Section: User Contributed Perl Documentation (1)
shell-quote - quote arguments for safe use, unmodified in a shell command
lets you pass arbitrary strings through the shell so that
they won't be changed by the shell. This lets you process commands or
files with embedded white space or shell globbing characters safely.
Here are a few examples.
- ssh preserving args
When running a remote command with ssh, ssh doesn't preserve the separate
arguments it receives. It just joins them with spaces and passes them to
"$SHELL -c". This doesn't work as intended:
ssh host touch 'hi there' # fails
It creates 2 files, hi and there. Instead, do this:
cmd=`shell-quote touch 'hi there'`
ssh host "$cmd"
This gives you just 1 file, hi there.
- process find output
It's not ordinarily possible to process an arbitrary list of files
output by find with a shell script. Anything you put in $IFS to
split up the output could legitimately be in a file's name. Here's how
you can do it using shell-quote:
eval set -- `find -type f -print0 | xargs -0 shell-quote --`
- debug shell scripts
shell-quote is better than echo for debugging shell scripts.
[ -z "$debug" ] || shell-quote "debug:" "$@"
With echo you can't tell the difference between "debug 'foo bar'"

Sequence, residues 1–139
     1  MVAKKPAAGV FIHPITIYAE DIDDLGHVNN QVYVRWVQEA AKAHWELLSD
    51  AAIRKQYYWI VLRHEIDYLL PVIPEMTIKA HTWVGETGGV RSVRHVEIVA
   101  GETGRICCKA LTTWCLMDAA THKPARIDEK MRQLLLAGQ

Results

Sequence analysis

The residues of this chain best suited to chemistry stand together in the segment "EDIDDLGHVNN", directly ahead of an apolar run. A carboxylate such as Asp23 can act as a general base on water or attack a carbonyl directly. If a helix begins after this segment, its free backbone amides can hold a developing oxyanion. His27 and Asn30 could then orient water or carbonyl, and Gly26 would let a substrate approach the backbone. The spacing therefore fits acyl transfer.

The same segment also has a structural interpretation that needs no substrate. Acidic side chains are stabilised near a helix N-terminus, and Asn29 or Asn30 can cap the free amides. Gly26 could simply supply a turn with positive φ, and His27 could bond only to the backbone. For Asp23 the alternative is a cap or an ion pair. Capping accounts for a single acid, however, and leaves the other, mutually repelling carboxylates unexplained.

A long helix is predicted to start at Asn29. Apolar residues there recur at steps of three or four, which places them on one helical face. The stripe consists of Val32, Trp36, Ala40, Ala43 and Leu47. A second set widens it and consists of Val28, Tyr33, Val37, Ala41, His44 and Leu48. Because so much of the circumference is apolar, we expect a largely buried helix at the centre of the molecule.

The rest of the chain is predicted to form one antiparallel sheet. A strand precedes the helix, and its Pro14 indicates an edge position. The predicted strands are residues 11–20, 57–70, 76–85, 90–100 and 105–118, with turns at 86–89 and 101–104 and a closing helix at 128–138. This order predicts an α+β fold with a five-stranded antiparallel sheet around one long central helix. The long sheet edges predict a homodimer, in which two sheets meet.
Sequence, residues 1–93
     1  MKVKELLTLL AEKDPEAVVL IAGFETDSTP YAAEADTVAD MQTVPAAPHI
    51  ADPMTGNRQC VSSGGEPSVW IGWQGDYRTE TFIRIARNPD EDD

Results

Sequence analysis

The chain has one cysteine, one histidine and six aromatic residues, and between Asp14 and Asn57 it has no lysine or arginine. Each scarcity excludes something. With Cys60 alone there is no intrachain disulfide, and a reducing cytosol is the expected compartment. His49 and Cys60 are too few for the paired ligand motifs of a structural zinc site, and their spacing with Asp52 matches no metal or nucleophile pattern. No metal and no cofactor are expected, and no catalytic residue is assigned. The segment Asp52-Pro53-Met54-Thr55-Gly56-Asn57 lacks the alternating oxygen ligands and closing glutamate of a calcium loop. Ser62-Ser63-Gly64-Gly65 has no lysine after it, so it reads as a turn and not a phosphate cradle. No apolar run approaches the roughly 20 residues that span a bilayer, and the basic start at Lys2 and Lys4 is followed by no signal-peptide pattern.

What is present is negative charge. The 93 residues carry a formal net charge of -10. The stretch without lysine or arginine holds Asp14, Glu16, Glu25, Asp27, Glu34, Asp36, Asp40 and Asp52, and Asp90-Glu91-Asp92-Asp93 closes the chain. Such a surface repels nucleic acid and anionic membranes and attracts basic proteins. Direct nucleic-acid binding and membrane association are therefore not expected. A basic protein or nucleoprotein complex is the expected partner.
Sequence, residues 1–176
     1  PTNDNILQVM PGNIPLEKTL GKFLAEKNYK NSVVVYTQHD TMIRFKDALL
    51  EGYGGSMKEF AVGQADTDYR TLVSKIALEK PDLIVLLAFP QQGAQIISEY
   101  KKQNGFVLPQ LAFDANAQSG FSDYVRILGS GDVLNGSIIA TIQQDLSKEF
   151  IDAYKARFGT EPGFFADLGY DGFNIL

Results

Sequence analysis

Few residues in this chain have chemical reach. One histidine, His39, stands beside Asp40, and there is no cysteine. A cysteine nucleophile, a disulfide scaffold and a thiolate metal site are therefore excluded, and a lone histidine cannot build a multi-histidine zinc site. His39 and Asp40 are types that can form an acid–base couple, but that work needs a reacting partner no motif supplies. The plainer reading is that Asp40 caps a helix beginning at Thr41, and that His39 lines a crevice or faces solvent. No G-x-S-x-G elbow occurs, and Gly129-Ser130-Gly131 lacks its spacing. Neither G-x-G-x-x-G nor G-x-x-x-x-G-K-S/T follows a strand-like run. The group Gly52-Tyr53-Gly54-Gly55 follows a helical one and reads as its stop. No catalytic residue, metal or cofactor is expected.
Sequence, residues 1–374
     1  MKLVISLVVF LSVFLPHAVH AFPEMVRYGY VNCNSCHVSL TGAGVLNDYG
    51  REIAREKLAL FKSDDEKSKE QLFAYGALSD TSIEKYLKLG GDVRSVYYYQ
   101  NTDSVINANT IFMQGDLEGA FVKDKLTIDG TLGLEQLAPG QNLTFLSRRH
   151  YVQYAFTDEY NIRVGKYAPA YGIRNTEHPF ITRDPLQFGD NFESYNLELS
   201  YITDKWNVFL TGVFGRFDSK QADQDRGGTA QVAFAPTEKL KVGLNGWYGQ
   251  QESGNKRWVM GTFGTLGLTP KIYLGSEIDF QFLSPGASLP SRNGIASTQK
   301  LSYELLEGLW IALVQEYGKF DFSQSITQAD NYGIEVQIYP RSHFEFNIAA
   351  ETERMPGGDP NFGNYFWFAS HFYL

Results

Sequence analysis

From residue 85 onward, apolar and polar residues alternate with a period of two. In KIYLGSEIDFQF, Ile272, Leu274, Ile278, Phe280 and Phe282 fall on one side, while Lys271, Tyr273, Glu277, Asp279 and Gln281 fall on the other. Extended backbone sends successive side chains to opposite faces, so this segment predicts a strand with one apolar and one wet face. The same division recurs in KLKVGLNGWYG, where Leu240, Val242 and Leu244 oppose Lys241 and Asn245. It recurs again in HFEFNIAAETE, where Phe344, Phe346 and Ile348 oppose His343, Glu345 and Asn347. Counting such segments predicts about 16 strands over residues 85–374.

and "debug foo bar", but with shell-quote you can.
- save a command for later
shell-quote can be used to build up a shell command to run later.
Say you want the user to be able to give you switches for a command
you're going to run. If you don't want the switches to be re-evaluated
by the shell (which is usually a good idea, else there are things the
user can't pass through), you can do something like this:
while [ $# != 0 ]
case x$1 in
[ $# -gt 1 ] || die "need an argument for $1"
user_switches="$user_switches "`shell-quote -- "$2"`
# process other switches
eval "shell-quote some-command $user_switches my args"
Turn debugging on.
Show the usage message and die.
Show the version number and exit.
The code is licensed under the GNU GPL.
for updated versions.
Roderick Schertler <firstname.lastname@example.org